Wednesday, July 13, 2011

Battle of Corydon Indiana, 2011

Why on earth Morgan’s Raiders chose the middle of July to raid Indiana is beyond me. You would have thought ninety-five degrees in the shade with over 50% humidity would have deterred them until at least the end of August. Maybe they were just trying to head North where the weather was cooler?

We managed to survive our first official reenactment. I will confess we participated this time as part of the “hotel militia” as we do not have a period tent as of yet. Thank heavens! I’m not sure I could have taken the heat all day AND all night.

The company laundress during the civil war was generally supplied a tent, hatchet, two camp basins and one ration each day. Everything else she needed to operate she had to supply herself. She even made her own lye soap. Each soldier could pay 50 cents per month for her services, it was optional but most did. In addition to washing the clothes she also performed mending services for an additional fee and cost of materials. A truly enterprising laundress could even spin yarn for sock darning and sell it to the other laundresses. All told, the washer woman as she would have been referred to, made a good honest living often exceeding that of a soldier.

We attracted a lot of attention at the event and even made the newspaper. Children, and some adults, are fascinated with the concept of the scrub board and mangle. Most everyone was enchanted with the little green spinning wheel.

My character is a Scandinavian immigrant who follows her son when he enlists as a volunteer infantryman. Most laundresses would have been related in some way to one of the men in the company.

I can’t even imagine what that must have been like. It would have been awful to stay home when your men went off to war, but to be there with them listening to the cannon fire, washing the blood from their uniforms…

God bless the washer woman.

christinesig

11 comments:

Whosyergurl said...

Just think how rough and raw her hands would have been! Cool pics. Looks like fun. (Albeit hot!)

xo, Cheryl

Karen Anne said...

I can remember a scrubbing board and a mangle in my grandmother's basement. Plus a Victrola. Dang, I wonder where all that stuff went. l was only about 8 when they moved, so I didn't have enough brain cells to say, Don't throw it out, I'll take it :-)

Tree Hugger said...

For about 5 years I did Civil War reenactment here in Atlanta. My Mom is from Linton, Ind. and my dad is from Georgia. I loved it when our company had to be the Yankees!! I was always the wash girl too!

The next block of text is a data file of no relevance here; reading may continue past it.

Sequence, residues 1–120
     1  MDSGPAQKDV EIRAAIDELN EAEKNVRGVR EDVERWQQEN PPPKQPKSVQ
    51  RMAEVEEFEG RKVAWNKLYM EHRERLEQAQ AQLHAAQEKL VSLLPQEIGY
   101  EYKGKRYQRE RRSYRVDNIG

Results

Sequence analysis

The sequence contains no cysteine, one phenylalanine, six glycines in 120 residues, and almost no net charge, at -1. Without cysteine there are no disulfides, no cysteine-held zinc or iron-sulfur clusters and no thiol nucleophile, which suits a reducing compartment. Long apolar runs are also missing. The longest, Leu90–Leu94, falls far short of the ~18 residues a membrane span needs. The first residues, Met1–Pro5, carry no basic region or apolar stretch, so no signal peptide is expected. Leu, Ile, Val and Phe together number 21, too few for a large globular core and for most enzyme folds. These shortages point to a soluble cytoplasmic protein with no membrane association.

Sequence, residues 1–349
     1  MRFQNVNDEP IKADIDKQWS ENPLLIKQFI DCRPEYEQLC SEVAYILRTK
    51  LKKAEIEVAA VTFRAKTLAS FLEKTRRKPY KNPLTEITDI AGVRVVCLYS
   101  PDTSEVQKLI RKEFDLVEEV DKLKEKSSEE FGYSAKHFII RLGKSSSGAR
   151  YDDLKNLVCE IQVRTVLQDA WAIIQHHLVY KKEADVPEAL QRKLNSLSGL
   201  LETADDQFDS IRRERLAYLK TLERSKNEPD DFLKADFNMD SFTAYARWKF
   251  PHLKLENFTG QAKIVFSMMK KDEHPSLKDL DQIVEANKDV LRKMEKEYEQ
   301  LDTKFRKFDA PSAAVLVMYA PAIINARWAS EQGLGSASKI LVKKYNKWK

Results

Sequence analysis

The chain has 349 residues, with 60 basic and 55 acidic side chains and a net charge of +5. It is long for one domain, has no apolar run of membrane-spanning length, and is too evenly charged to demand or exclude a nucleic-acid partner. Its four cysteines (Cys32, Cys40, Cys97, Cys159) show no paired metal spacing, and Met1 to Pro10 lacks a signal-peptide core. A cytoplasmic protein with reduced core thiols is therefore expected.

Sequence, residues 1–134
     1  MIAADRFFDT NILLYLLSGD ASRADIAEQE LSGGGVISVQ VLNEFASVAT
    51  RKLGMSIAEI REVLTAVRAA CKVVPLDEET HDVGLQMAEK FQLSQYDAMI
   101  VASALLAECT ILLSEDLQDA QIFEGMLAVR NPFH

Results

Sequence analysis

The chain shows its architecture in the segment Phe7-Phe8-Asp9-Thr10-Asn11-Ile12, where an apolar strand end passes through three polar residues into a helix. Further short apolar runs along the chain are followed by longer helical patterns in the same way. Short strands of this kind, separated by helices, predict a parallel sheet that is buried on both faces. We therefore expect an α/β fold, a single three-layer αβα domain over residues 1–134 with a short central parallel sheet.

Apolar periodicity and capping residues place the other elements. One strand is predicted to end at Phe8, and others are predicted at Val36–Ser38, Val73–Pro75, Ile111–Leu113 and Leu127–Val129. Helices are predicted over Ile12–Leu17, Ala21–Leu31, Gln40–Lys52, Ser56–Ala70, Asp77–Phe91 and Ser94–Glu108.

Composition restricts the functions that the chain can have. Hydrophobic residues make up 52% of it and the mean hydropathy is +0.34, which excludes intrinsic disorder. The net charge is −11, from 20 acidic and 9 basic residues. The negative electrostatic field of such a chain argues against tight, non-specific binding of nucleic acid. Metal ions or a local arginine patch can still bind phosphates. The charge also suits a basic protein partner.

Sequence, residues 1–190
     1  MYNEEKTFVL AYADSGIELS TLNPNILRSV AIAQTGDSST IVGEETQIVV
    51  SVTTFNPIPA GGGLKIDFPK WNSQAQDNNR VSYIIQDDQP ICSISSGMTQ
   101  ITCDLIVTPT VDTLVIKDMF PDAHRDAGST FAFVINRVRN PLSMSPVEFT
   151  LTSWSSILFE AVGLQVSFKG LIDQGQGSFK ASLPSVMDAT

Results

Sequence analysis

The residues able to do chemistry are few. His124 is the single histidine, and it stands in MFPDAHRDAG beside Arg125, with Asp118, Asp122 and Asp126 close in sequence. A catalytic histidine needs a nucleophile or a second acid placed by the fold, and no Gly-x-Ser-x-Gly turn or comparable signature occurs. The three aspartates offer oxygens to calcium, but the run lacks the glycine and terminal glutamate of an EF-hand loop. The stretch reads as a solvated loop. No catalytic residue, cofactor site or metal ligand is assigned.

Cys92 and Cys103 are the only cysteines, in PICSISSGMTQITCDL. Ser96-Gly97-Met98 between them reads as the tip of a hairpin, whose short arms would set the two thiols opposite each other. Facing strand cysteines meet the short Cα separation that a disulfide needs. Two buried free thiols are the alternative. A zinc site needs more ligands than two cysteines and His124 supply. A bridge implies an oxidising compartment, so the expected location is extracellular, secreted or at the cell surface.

Right now I'm blogging from a journal of John Frank Lester from Sullivan Co., Indiana. He was the 1st Corp. for the 59th Regiment, Company E - Infantry Indiana Volunteers.
http://thecivilwarjournalofjohnflester.blogspot.com/

YarnKettle said...

Wow that is amazing! You choked me up quite a bit when you mentioned washing the blood out of the clothes, especially the blood of your loved ones.

Nancy K. said...

What a wonderful post!
Thank you for sharing what had to be a fascinating adventure.

Milah said...

I'm glad you had a respectable job, ahem, not all women did. : )

I'm also glad you didn't suffer a heat stroke! Gosh those were a rough few days.

I have a print of the old washing machine my grandma used. Someday I'll post about it.

thecrazysheeplady said...

Neat...except for the July in Indiana part ;-).

Connie said...

My son is also a reenactor and he hand sews uniforms as a side business. He will be attending an event soon in VA. I've visited a few of the sites when they were local (before moving here) and I was captivated by the atmosphere of it all. I think I could get into it except I would have a hard time managing the heat and the cold with tent sleeping. I love the rest of it tho.

Mary Ann said...

My husband and I met because of our love of Civil War history... but we are TOO OLD to re-enact... I admit I can't do the elements, but more power to them! I love the whole living history aspect.

Karen Anne said...

Mary Ann,

If you can move, you're never too old :-) You tell those young whippersnappers that.

Marilyn Robertson said...

I enjoyed reading your post - I had not known of the company laundress position before. She was one busy woman to be sure!